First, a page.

1. Oddo S, et al. (2003) Triple-transgenic model of Alzheimer's disease with plaques and tangles: intracellular Abeta and synaptic dysfunction. Neuron 39(3):409-421. Abstract

2. Lustbader JW, et al. (2004) ABAD directly links Abeta to mitochondrial toxicity in Alzheimer's disease. Science 304(5669):448-452. Abstract

3. Wilson CA, Doms RW, & Lee VM (2003) Distinct presenilin-dependent and presenilin-independent gamma-secretases are responsible for total cellular Abeta production. J Neurosci Res 74(3):361-369. Abstract

4. Cataldo AM, et al. (2004) Abeta localization in abnormal endosomes: association with earliest Abeta elevations in AD and Down syndrome. Neurobiol Aging 25(10):1263-1272. Abstract

5. Almeida CG, Takahashi RH, & Gouras GK (2006) Beta-amyloid accumulation impairs multivesicular body sorting by inhibiting the ubiquitin-proteasome system. J Neurosci 26(16):4277-4288. Abstract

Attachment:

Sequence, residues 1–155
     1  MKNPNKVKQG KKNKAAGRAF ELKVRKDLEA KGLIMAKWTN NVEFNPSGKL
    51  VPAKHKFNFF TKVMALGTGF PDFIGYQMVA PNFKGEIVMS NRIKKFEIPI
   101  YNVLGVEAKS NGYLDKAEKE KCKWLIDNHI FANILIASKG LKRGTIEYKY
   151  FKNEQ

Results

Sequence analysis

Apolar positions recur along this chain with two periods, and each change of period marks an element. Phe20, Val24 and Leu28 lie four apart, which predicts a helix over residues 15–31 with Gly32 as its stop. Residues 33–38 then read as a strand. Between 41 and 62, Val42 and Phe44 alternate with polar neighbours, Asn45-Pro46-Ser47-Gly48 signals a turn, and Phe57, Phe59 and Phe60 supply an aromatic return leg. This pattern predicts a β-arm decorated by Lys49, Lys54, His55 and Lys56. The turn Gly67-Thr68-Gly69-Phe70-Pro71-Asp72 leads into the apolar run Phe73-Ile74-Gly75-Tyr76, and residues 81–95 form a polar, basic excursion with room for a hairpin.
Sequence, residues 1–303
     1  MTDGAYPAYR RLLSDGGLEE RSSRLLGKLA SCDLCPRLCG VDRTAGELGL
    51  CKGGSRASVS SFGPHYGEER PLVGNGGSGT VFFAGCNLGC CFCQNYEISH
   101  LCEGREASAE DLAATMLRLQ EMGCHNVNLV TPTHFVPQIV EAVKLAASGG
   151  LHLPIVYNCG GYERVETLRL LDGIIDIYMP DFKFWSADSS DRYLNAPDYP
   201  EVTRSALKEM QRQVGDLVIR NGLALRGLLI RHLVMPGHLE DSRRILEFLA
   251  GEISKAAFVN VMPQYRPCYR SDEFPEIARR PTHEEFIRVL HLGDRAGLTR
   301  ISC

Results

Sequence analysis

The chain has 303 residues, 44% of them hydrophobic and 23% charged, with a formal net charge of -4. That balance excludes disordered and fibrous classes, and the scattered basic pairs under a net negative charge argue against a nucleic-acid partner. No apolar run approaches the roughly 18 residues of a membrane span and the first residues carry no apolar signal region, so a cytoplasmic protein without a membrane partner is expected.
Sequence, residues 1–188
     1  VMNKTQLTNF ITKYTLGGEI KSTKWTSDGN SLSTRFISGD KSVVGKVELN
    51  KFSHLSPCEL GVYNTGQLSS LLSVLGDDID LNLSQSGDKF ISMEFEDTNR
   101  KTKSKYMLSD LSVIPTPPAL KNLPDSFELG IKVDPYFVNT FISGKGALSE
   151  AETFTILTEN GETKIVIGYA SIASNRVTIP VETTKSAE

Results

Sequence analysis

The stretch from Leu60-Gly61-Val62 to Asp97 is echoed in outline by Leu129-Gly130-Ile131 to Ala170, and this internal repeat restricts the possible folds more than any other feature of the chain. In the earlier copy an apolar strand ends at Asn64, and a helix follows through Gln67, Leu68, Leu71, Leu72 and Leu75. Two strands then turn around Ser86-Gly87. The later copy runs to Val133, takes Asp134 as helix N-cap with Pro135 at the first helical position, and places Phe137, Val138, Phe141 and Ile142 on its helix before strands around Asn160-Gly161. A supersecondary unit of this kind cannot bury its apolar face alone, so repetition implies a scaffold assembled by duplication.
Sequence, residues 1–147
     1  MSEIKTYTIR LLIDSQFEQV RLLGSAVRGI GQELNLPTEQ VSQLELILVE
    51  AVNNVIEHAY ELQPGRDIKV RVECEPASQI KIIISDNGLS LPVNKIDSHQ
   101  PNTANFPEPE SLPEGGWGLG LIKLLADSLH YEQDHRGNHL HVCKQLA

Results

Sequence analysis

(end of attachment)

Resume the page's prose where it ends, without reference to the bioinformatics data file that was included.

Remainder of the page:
6. Yang AJ, Chandswangbhuvana D, Margol L, & Glabe CG (1998) Loss of endosomal/lysosomal membrane impermeability is an early event in amyloid Abeta1-42 pathogenesis. J Neurosci Res 52(6):691-698. Abstract

7. Takuma K, et al. (2009) RAGE-mediated signaling contributes to intraneuronal transport of amyloid-beta and neuronal dysfunction. Proc Natl Acad Sci U S A 106(47):20021-20026. Abstract

8. Caspersen C, et al. (2005) Mitochondrial Abeta: a potential focal point for neuronal metabolic dysfunction in Alzheimer's disease. Faseb J 19(14):2040-2041. Abstract

9. Manczak M, et al. (2006) Mitochondria are a direct site of A beta accumulation in Alzheimer's disease neurons: implications for free radical generation and oxidative damage in disease progression. Hum Mol Genet 15(9):1437-1449. Abstract